BNP Paribas Personal Finance is the leader in personal financing in France and in Europe through its consumer credit activity. A 100% subsidiary of the BNP Paribas Group, BNP Paribas Personal Finance gathers more than 20 000 employees and operates in some thirty countries. Under various brands like Cetelem, Cofinoga and Findomestic, BNP Paribas Personal Finance provides its clients with a complete range of consumer credit, available in stores and car dealership or directly through customer relationship centers and via the company’s local websites.
BNP Paribas Personal Finance had developed an active strategy of support for retailers, carmakers and dealers, Web merchants, and various financial institutions (banking and insurance), based on its credit's market experience and its ability to offer services adapted to the activity and the commercial strategy of its business partners. It is also a key player in terms of responsible credit and budgetary awareness.
BNPP Personal Finance is, by nature, exposed to Credit Risk, and relies heavily on quantitative models to manage it.
Within BNP Paribas Personal Finance Central Risk Department is responsible for the relevance of risk rating models used within all local entities and for maintaining a high level of expertise with integrating new statistical techniques in new modelling environments.
The Credit Process Optimization team is part of the RISK department of BNPP PF, within Risk Personal Finance Global Credit Decision-making Policies, we contribute to the rationalization and the optimization of risk decision processes through an analytical approach. We support local risk teams to improve the efficiency of credit processes including fraud part, participating to the best balance between profitability, customer journey and risk profiles.
Fraud is a major problem for merchants. Criminals use a wide variety of methods to attack organizations across systems, channels, processes and products.The development of fraud detection methods is thus of crucial importance. Fraud detection is a challenging problem because fraudsters make their best efforts to make their behaviour look legitimate. Another difficulty is that the number of legitimate records is far greater than the number of fraudulent cases.
The aim of our challenge is to find the best way to process and analyse basket data from one of our retailer partners in order to detect fraud cases.
Using these basket data, fraudulent customers should be detected, to be then refused in the future.
This dataset contains a list of financed purchases, in which there is information about the contents of the baskets.
For each line of the dataset there are 147 columns, in which 144 are grouped in 6 categories:
For each of these categories there are 24 instances that will either be filled with relevant information when an item exists in the basket, or null when it does not. For example, if an application has 3 items in the basket there will be information in the columns item1 to item3, cash_price1 to cash_price3, make1 to make3, model1 to model3, goods_code1 to goods_code3 and Nbr_of_prod_purchas1 to Nbr_of_prod_purchas3; but the remaining columns of these categories will be null (e.g. item4 to item24).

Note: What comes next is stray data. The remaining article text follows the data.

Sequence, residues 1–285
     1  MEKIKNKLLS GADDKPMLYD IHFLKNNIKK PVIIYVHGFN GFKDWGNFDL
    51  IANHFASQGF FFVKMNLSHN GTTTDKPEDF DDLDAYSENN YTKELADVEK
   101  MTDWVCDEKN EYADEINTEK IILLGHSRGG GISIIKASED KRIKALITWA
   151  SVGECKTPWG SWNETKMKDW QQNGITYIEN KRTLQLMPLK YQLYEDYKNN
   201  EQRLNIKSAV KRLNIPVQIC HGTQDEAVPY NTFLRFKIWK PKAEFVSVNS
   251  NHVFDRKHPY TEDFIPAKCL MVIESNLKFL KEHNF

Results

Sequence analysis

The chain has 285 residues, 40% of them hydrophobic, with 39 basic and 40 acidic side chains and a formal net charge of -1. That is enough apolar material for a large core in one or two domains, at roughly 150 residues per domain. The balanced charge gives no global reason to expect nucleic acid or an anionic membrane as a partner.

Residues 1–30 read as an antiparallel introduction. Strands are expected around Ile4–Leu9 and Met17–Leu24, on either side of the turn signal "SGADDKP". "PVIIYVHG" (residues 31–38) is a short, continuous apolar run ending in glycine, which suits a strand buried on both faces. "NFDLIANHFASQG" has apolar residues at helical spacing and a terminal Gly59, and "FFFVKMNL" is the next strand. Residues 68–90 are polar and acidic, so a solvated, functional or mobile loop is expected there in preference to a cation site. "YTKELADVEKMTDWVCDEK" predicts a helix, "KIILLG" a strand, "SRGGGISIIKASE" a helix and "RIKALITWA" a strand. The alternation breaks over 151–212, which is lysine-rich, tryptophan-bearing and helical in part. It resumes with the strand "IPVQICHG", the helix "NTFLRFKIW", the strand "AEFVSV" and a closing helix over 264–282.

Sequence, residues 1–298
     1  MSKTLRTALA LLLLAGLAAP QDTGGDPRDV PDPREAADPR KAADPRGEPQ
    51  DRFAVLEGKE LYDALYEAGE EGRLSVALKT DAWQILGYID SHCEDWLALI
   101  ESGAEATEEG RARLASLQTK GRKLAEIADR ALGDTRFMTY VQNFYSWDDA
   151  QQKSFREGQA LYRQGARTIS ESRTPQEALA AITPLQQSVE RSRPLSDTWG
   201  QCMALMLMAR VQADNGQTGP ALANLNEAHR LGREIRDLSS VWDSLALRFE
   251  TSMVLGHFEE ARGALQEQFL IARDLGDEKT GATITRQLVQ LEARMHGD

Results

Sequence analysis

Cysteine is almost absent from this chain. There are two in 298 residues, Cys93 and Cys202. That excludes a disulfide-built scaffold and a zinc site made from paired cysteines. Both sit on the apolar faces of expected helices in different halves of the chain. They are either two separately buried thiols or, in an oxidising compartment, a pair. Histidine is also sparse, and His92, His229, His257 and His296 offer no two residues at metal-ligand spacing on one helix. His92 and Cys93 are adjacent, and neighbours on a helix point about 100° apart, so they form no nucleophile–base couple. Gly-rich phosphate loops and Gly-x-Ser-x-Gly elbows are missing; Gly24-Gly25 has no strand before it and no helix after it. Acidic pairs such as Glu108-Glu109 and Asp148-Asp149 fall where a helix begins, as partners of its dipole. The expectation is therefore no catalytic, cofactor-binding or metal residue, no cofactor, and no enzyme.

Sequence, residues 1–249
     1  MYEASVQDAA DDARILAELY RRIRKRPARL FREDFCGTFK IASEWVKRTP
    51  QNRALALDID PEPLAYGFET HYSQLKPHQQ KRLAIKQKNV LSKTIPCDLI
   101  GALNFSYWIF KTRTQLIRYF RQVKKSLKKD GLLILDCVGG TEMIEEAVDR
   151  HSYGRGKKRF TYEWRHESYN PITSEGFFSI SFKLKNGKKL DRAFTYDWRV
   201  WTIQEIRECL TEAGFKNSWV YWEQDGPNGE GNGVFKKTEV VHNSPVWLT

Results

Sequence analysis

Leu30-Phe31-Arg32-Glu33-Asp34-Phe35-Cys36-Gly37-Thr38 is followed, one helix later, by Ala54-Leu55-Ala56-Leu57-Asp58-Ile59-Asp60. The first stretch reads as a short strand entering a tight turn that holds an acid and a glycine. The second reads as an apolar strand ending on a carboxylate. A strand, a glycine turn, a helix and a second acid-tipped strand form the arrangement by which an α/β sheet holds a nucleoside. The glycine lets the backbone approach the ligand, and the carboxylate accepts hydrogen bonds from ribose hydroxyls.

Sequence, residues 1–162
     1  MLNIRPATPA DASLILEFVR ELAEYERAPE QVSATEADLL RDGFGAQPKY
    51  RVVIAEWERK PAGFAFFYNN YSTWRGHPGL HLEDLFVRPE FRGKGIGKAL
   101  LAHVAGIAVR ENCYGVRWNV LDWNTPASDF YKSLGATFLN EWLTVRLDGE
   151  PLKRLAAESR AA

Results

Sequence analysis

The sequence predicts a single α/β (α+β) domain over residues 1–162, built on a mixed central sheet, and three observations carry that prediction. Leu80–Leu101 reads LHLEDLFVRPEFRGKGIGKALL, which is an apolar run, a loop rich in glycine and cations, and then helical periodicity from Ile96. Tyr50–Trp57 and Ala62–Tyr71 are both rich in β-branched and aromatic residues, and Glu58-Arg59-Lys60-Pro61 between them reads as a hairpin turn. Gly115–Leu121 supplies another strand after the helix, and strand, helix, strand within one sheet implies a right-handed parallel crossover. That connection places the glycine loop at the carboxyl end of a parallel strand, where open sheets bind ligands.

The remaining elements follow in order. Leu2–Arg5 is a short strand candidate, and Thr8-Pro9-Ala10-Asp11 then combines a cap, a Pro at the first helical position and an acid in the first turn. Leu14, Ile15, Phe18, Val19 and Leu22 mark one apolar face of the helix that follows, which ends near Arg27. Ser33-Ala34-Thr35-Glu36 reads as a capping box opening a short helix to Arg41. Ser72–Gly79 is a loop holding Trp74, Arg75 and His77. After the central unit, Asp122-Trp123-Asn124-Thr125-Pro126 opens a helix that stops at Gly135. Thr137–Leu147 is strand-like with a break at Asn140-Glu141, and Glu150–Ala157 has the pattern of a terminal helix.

The variable Nb_of_items corresponds to the unique number of items in the basket, and to the sum of all of them in such cases where one of the Nbr_of_prod_purchas instances is more than 1.
Finally, the fraud_flag variable indicates if that application is fraudulent or not.
1.1. Input variables (X)
item1 à item24 (Char)
Goods category for item 1 to item 24
cash_price1 à cash_price24 (Num)
Cash price for item 1 to item 24
make1 à make24 (Char)
Manufacturer for item 1 to item 24
model1 à model24 (Char)
Model description for item 1 to item 24
Apple Iphone XX
goods_code1 à goods_code24 (Char)
Retailers code for item 1 to item 24
Nbr_of_prod_purchas1 à Nbr_of_prod_purchas24 (Num)
Number of products for item 1 to item 24
Total number of items
1.2. Output variable (Y)
Fraud = 1, Not fraud = 0
1.3. Size of the dataset
Shape: 115 988 observations, 147 columns.
Distribution of Y:
Fraud (Y=1) : 1 681 observations
No Fraud (Y=0) : 114 307 observations
The fraud rate for the whole population is around 1.4%.
The sampling method applied is a simple random without replacement. 80% of the initial dataset has been used to create the training sample and 20% for the test sample.
2.1. Training sample
Shape: 92 790 observations, 147 columns.
Distribution of Y_train:
Fraud (Y=1) : 1 319 observations
No Fraud (Y=0) : 91 471 observations
2.2. Test sample
Shape: 23 198 observations, 147 columns.
Distribution of Y_test:
Fraud (Y=1) : 362 observations
No Fraud (Y=0) : 22 836 observations
The objective is to identify fraudulent operations within a population by predicting a fraud risk/probability.
Hence, the metric that will be used is the area under the precision-recall curve, also noted the PR-AUC.
The precision-recall curve is obtained by plotting the precision (TP+FNTP) on the y-axis and the recall (TP+FPTP) on the x-axis for all values of the probability thresholds between 0 and 1.
This metric is very useful for properly evaluating a model’s performance on the minority class in severely imbalanced classification problems.
The higher the PR-AUC, the better the model is at correctly detecting the minority class.
In this challenge, the PR-AUC will be calculated as the weighted mean of precisions achieved at each threshold, with the increase in recall from the previous threshold used as the weight:
where Pn and Rn are the precision and recall at the nth threshold.